This scene, showing the internal dissention of the Trojans contrasts in both tone and mode of conduct with the scenes depicting the internal conflicts on the Greek side, which has been reduced to inaction by petty disputes or ‘sickness’. Ulysses, in his speech on ‘degree’, explains the connection between public order and private conduct, maintaining that proper order, or political orthodoxy, should emulate natural laws and is achieved by a precise balance of judgement and reason. Should this balance, or ‘degree’, be upset at any point then, in universal terms, chaos must ensure and in political terms, anarchy.
In the Greek camp, authority and leadership have been subverted by Achilles and, to a lesser extent, by Ajax – both of whom are valued for their prowess on the battlefield – who mock and deride their leaders and refuse to participate in the common cause. Ulysses’ speech prefigures the weakness of Trojan values as are implicit in Troilus’s arguments. As Ulysses explains and Troilus illustrates, the disruptive form is passion, which, if uncontained, sways judgement and leads to disorder, because passion or appetite…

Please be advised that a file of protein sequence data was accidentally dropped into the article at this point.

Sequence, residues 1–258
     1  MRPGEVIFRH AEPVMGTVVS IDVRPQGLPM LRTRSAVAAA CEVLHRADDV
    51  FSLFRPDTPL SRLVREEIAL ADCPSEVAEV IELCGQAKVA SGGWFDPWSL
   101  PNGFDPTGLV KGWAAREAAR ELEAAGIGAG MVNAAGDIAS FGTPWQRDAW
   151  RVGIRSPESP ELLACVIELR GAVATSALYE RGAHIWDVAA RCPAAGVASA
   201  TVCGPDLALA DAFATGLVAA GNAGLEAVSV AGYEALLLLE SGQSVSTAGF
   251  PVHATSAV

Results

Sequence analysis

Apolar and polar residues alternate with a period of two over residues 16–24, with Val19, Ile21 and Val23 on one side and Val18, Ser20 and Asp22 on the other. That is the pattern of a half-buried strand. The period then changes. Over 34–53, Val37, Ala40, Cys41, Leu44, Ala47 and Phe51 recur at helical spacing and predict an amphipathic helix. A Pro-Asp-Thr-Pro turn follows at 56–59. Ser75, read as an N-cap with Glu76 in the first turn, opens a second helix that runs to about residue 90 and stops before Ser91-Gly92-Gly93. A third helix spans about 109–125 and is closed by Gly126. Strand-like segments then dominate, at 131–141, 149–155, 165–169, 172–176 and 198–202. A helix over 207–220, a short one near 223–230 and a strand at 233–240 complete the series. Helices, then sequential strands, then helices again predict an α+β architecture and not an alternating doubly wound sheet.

…an universal wolf
So doubly seconded by will and power
Must make perforce an universal prey,
And last eat up himself (I,3).
Not unlike Troilus, Achilles is motivated by sensual passions, as implied by Ulysses’ description of him:
Holds in his blood such swoln and hot discourse
That ‘twixt his mental and his active parts
Kingdom’d Achilles in commotion rages
And batters down himself’ (II,3).
This description of Achilles (which echoes his ‘degree’ speech) is not unlike Hector’s accusations that the reasons Troilus and Paris give ‘do no more conduce/To the hot passion of distempered blood…’ (II,2). Thus, public order has been destroyed through personal passions on the Greek side and personal passions determine public action on the Trojan side.